UEFA EURO 2008™ gets started on Wednesday and the majority of the competitors have hopes of joining co-hosts Austria and Switzerland in the finals. With both FIFA World Cup finalists in the same group, and two new nations in contention, uefa.com takes a look at the seven pools, each of which will produce two qualifiers.
Runners-up on home soil four years ago and World Cup semi-finalists, Portugal are confident. Luís Figo and record scorer Pauleta have bowed out but the talismanic Luis Felipe Scolari remains in charge. Poland also have a high-profile foreign coach in the shape of Leo Beenhakker, who is keeping faith with the established players as they attempt to qualify for their first EURO finals. Playing in their debut qualifiers are the now separate Serbia, coached by Spaniard Javier Clemente and able to call on most the squad that reached the World Cup in partnership with Montenegro. Belgium will build around German-based defensive duo Vincent Kompany and Daniel Van Buyten when they open their campaign on Wednesday against Kazakhstan, who are making their EURO bow. Finland will be coached by the experienced Roy Hodgson, but although hopes of a first qualification have grown over the last decade, there is limited back-up to the first-choice lineup.
On 6 September France and Italy will meet in their second qualifier less than two months after their encounter in Berlin. France are (again) looking to life after Zinédine Zidane, Lilian Thuram and Claude Makelele, while world champions Italy have a new coach in Roberto Donadoni as they aim to become only the second team to win the European title two years after gaining the world crown - after France in 2000. Ukraine, who lost to Italy in the World Cup quarter-finals, will be keen to reverse that result but another challenge could come from Scotland, much improved under Walter Smith.
Holders Greece have stuck by Otto Rehhagel and his established lineup, but are still smarting from their World Cup campaign when they finished fourth in their pool. Turkey also have unhappy memories of that tournament, as the aftermath of their play-off defeat by Switzerland has left them having to play their 'home' games against Malta, Moldova and Norway on neutral territory. Norway themselves have reached play-offs in their last two campaigns and welcome back Ole Gunnar Solskjær from injury. Dark horses Bosnia-Herzegovina have become a difficult team to beat.
Jürgen Klinsmann's successor Joachim Löw takes over a Germany team high in confidence, full of up-and-coming talent like Phillip Lahm, Bastian Schweinsteiger and Lukas Podolski, and with only one departure - Oliver Kahn, who had already lost his place to Jens Lehmann. Of course, it is a while since their last competitive away game, but only one of Germany's rivals, the Czech Republic, qualified for the World Cup, and their experience was one of disappointment. However, they have only seen Karel Poborský retire, and the vastly experienced Karel Brückner remains in charge. Two other teams with strong chances are the Republic of Ireland, under former player Steve Staunton, and Czech neighbours Slovakia, only beaten by Spain in the World Cup play-offs.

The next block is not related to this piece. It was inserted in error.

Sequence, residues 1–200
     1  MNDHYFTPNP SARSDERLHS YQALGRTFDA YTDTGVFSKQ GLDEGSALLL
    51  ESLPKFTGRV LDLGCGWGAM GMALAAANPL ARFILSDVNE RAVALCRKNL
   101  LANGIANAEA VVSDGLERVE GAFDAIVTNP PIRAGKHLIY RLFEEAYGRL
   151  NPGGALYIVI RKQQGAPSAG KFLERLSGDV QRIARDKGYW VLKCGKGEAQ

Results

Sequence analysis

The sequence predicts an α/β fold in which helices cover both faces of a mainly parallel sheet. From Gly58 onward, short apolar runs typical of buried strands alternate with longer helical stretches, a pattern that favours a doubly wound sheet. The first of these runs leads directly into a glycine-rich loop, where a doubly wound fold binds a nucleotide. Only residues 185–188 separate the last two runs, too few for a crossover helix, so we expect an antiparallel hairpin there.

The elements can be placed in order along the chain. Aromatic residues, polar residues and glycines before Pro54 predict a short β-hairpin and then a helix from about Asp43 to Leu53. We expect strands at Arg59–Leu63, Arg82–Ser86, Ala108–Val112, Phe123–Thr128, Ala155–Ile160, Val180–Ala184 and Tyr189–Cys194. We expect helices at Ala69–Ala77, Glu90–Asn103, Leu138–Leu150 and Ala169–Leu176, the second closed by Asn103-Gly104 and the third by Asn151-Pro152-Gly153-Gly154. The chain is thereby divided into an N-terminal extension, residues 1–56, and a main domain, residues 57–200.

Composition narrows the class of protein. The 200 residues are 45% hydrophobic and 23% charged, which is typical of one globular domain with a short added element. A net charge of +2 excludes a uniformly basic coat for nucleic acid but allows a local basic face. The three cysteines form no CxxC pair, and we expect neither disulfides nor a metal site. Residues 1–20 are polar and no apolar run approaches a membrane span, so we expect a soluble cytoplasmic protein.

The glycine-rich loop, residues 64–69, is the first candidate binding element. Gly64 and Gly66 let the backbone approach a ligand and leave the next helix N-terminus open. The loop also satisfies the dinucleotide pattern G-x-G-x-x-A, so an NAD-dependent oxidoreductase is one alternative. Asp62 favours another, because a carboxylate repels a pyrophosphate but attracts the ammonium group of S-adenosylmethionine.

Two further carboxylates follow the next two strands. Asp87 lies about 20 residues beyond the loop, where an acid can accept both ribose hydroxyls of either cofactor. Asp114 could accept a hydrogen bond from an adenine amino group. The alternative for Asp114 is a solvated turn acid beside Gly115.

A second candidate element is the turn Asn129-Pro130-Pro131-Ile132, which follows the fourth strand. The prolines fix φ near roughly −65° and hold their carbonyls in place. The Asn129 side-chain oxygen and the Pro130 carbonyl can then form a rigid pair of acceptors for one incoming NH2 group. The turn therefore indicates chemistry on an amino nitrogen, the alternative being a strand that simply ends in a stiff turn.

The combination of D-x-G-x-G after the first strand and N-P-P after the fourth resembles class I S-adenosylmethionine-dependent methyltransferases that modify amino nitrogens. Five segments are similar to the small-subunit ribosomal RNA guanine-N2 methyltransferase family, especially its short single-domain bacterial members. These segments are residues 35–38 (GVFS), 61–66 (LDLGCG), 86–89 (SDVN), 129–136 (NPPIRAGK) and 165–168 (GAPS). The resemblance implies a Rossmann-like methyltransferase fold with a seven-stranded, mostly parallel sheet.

England's new coach Steve McClaren is in place, keen to improve on three consecutive quarter-final results, and looks to be making changes. Croatia have qualified five times for major tournaments in six attempts and there is plenty of optimism following the appointment of the 37-year-old Slaven Bilić as coach. Russia too have an inspiring new leader in Guus Hiddink and while Israel may have to switch their home games, Avraham Grant's successor Dror Kashtan inherits a team that were not beaten in World Cup qualification. F.Y.R. Macedonia, who play Estonia this week, are coached by Srečko Katanec, who led his native Slovenia to two major final tournaments.
Spain may sometimes disappoint at major tournaments but they have not failed to qualify in well over a decade. The fluency of their performances in the group stage in Germany suggest that run will not end, with the major threats coming from Scandinavian neighbours Denmark and Sweden. Denmark did not make the World Cup but have a stable and experienced squad while Lars Lagerbäck will again lead Sweden as they attempt to reach a fifth consecutive major finals, though Henrik Larsson is no longer available. Of the outsiders, Northern Ireland’s victory against England in September will be a warning for no one to take them lightly, but Latvia could find it tough to match their 2004 heroics. Even Liechtenstein proved in their World Cup campaign that they are no longer pushovers.
Two EURO semi-final defeats in a row will motivate the Netherlands, who departed the World Cup in a bizarre match against Portugal but otherwise have looked good under Marco van Basten with a talented, young team. Romania finished third behind the Dutch and Czechs in World Cup qualifying, but with established names including Adrian Mutu, Cristian Chivu and Cosmin Contra available, this could be the competition that ends a run of three near-misses. Bulgaria, Belarus and Slovenia are all potential challengers.
Click here to see the seven groups in full.
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